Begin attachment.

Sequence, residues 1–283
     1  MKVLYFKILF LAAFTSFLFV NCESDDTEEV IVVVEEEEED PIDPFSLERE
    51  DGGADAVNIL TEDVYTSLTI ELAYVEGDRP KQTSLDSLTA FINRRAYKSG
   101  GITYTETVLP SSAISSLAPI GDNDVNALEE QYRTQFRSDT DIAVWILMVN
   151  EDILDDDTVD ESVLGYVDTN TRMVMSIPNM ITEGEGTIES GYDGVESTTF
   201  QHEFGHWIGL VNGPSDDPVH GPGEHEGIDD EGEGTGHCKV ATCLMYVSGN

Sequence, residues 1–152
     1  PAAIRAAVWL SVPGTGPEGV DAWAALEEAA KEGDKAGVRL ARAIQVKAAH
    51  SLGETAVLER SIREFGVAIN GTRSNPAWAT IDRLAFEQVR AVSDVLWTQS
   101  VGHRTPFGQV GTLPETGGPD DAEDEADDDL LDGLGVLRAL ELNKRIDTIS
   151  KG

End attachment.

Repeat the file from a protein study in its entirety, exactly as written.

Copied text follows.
Sequence, residues 1–283
     1  MKVLYFKILF LAAFTSFLFV NCESDDTEEV IVVVEEEEED PIDPFSLERE
    51  DGGADAVNIL TEDVYTSLTI ELAYVEGDRP KQTSLDSLTA FINRRAYKSG
   101  GITYTETVLP SSAISSLAPI GDNDVNALEE QYRTQFRSDT DIAVWILMVN
   151  EDILDDDTVD ESVLGYVDTN TRMVMSIPNM ITEGEGTIES GYDGVESTTF
   201  QHEFGHWIGL VNGPSDDPVH GPGEHEGIDD EGEGTGHCKV ATCLMYVSGN

Sequence, residues 1–152
     1  PAAIRAAVWL SVPGTGPEGV DAWAALEEAA KEGDKAGVRL ARAIQVKAAH
    51  SLGETAVLER SIREFGVAIN GTRSNPAWAT IDRLAFEQVR AVSDVLWTQS
   101  VGHRTPFGQV GTLPETGGPD DAEDEADDDL LDGLGVLRAL ELNKRIDTIS
   151  KG